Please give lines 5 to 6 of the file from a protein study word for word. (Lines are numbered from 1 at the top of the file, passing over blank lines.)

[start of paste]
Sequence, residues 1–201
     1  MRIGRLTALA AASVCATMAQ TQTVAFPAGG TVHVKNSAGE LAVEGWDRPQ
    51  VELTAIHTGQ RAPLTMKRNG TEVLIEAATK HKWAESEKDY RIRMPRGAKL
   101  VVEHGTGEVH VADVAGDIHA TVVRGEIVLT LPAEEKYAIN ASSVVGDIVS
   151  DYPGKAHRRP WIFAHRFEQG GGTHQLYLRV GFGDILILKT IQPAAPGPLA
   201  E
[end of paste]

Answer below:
   151  DYPGKAHRRP WIFAHRFEQG GGTHQLYLRV GFGDILILKT IQPAAPGPLA
   201  E